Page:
Deep Exponential Families

In this week’s lab meeting, I presented:

Deep Exponential Families
Rajesh Ranganath, Linpeng Tang, Laurent Charlin and David Blei.

This paper describes a class of latent variable models inspired by deep neural net and hierarchical generative model, called Deep Exponential Families (DEFs). DEFs stack multiple layers of exponential families and connects them with certain link functions to capture the hierarchy of dependencies.

Exponential families have a general form p(x|\eta)=h(x)\mbox{exp}(\eta^T T(x)-a(\eta)), where h(x) is a base measure, T(x) is a vector of sufficient statistics, \eta is the natural parameter and a(\eta) is the log-normalizer. An attractive property of exponential family distributions is that \mathbb{E}[T(x)]=\nabla_{\eta}a(\eta), which will be exploited in DEFs later.

Imitating deep neural net, these models stack multiple exponential family distributions in a hierarchical structure:

Screen Shot 2015-09-24 at 1.27.43 PM

Here, z_l is the latent variable vector at layer l. K_l is the number of variables in the layer l. W_l is the weight matrix connecting layer l+1 and l. The entire generative direction is from top to bottom. The top layer’s latent variables are generated from a prior distribution p(z_L)=\mbox{EXPFAM}_L(z_L,\eta). Then the conditional distribution between layer l+1 and l is p(z_l|z_{l+1},W_l)=\mbox{EXPFAM}_l(z_l,g_l(z_{l+1}^T W_l)). The bottom layer is for observation likelihood which is Poisson in this paper, p(x|z_1,W_0)=\mbox{Poisson}(z_1^T W_0). The link function g_l maps the inner product z_{l+1}^T W_l to the natural parameter to generate z_l. Because the expected sufficient statistics are equal to the gradient of the log normalizer \mathbb{E}[T(z_l)]=\nabla_{\eta_l}a(g_l(z_{l+1}^T W_l)), where \eta_l=g_l(z_{l+1}^T W_l), if we consider g_l(x)=x and T(z_l)=z_l, then \mathbb{E}[z_l] is just the linear function of W_l transformed by \nabla_{\eta_l}a(\cdot), which is one source of non-linearity. The inference method for DEFs is called black box variational inference (Ranganath, et al 2014), which we didn’t have time to discuss.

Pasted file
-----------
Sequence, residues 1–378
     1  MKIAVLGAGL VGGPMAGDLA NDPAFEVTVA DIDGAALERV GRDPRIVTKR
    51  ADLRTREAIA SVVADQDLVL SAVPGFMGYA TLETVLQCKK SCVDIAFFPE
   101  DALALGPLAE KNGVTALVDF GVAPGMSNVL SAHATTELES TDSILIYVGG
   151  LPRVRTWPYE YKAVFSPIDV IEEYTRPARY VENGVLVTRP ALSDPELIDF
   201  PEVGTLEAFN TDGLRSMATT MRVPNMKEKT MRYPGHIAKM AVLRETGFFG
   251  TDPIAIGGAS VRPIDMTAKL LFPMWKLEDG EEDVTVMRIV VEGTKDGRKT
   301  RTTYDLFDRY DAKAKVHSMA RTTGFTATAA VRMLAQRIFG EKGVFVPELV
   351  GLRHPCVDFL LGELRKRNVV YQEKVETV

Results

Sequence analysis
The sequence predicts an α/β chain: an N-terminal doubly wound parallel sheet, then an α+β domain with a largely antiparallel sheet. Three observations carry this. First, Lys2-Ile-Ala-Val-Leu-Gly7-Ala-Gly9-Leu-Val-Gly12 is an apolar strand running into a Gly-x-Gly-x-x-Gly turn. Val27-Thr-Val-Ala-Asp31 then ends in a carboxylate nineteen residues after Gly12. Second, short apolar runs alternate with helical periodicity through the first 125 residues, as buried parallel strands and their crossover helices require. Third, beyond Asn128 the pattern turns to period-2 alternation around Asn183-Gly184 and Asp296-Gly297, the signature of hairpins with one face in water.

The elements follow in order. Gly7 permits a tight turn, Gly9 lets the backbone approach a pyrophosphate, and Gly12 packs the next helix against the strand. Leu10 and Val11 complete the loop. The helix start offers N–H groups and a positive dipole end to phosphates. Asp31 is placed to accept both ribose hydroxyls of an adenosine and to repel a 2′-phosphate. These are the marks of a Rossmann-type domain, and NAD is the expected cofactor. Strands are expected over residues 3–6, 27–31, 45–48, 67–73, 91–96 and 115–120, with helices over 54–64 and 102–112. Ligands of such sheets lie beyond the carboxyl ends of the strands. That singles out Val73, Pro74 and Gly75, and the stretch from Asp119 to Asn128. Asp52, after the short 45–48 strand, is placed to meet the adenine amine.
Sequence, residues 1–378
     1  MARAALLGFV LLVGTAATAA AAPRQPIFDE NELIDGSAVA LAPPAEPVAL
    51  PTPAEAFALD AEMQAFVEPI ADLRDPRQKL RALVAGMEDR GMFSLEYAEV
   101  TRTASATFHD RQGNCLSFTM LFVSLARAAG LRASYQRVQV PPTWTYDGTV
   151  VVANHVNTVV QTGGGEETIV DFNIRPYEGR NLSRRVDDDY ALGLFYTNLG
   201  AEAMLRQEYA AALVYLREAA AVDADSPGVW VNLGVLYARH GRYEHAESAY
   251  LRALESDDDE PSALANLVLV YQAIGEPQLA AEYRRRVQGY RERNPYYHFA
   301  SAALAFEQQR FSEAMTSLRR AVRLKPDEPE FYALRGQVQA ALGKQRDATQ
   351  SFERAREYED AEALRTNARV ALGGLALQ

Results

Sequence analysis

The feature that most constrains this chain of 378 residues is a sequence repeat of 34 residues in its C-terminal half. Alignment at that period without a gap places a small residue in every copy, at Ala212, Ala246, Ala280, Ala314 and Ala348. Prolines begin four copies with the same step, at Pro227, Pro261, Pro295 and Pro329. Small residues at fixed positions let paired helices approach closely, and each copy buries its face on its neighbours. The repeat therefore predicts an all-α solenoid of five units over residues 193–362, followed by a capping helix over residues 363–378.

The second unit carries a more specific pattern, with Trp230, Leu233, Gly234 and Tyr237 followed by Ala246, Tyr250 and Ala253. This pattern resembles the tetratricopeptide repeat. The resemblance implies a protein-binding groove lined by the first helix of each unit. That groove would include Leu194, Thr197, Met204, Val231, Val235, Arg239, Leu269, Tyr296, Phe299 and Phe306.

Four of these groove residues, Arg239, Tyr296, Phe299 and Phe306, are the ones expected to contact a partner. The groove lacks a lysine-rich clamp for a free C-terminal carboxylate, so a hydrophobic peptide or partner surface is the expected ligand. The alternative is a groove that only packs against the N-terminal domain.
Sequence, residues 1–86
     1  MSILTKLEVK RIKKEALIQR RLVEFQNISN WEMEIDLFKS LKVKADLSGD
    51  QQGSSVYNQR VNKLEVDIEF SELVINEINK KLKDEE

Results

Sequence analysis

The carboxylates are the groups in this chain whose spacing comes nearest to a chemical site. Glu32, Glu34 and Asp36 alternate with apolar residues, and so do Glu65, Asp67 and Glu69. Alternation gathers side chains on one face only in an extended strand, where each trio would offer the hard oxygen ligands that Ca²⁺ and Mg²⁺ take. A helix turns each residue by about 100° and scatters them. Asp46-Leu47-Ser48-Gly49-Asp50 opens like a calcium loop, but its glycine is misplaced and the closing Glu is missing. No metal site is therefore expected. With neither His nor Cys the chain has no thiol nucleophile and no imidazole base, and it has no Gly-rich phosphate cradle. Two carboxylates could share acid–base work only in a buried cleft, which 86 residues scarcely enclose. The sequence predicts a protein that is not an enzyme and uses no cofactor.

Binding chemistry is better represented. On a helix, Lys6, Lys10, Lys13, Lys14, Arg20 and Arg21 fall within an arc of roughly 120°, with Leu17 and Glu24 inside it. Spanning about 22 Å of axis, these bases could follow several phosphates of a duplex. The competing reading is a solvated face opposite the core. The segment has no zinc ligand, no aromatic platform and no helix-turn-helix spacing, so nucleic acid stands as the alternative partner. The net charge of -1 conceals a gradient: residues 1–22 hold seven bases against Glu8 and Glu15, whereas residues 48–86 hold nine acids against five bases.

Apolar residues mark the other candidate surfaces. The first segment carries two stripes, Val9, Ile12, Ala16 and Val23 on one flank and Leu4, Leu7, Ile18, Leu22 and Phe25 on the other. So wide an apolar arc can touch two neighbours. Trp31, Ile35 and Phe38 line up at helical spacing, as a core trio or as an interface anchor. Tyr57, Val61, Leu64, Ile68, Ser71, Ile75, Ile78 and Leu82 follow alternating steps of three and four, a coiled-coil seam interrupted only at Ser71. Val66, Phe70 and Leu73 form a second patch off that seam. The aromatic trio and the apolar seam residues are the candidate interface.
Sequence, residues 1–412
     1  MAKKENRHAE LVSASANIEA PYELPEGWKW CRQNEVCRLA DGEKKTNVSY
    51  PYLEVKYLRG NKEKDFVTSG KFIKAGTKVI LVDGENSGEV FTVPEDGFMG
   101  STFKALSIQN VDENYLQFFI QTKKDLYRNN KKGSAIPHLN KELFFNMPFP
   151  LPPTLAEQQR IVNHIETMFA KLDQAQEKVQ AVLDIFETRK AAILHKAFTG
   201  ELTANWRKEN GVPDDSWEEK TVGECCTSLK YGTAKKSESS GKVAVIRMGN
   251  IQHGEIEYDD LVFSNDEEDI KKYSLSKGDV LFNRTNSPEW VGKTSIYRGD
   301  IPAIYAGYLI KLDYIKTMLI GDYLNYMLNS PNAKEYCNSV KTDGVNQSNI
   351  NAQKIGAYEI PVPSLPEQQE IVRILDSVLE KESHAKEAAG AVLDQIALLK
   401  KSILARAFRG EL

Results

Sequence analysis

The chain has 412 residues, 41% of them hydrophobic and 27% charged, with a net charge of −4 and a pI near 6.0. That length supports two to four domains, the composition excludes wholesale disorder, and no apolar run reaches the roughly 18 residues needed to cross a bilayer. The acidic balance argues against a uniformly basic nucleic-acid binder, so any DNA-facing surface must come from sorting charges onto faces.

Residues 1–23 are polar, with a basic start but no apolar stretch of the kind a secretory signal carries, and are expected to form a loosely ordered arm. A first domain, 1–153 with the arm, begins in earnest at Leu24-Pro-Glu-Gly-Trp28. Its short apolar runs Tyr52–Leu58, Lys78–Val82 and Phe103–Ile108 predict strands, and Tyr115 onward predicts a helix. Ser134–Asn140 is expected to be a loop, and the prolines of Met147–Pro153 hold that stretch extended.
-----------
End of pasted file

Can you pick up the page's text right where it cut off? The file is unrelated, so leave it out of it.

The paper also provided three concrete examples specified from DEFs which are sparse gamma DEFs, sigmoid belief network and Poisson DEFs. For different exponential families, there are different natural link functions g_l(\cdot) and prior distributions for p(W) summarized as follows,

Screen Shot 2015-09-24 at 1.52.03 PM

They finally evaluated various DEFs on text and combined multiple DEFs into a model for pairwise recommendation data. In an extensive study, they showed that going beyond one layer improves predictions for DEFs. They demonstrated that DEFs find interesting exploratory structure in large data sets, and give better predictive performance than state-of-the-art models.

This paper is interesting because it proposed a general deep hierarchical structure for all kinds of exponential families that avoids complicated inference implementations for various hierarchical generative models, as well as uncovering insight of “dual” relationship between neural net nonlinearity functions and the link functions in Bayesian framework.


One thought on “Deep Exponential Families

  1. One point that I think is worth emphasizing is that these are generative models, designed for unsupervised learning. So closer to deep LDA (as in ‘latent dirichlet allocation’) than today’s discriminatively trained CNNs. But still a very cool idea, exploiting useful properties of exponential families to build deep (where, ok, “deep”=3 layer) hierarchical models.

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